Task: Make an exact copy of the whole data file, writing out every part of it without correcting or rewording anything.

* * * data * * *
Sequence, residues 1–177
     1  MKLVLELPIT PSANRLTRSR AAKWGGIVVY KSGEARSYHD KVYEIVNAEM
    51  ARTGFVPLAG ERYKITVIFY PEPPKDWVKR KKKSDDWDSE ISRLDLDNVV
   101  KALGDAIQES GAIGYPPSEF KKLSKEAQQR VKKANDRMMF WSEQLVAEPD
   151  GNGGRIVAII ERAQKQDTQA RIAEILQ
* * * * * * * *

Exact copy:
Sequence, residues 1–177
     1  MKLVLELPIT PSANRLTRSR AAKWGGIVVY KSGEARSYHD KVYEIVNAEM
    51  ARTGFVPLAG ERYKITVIFY PEPPKDWVKR KKKSDDWDSE ISRLDLDNVV
   101  KALGDAIQES GAIGYPPSEF KKLSKEAQQR VKKANDRMMF WSEQLVAEPD
   151  GNGGRIVAII ERAQKQDTQA RIAEILQ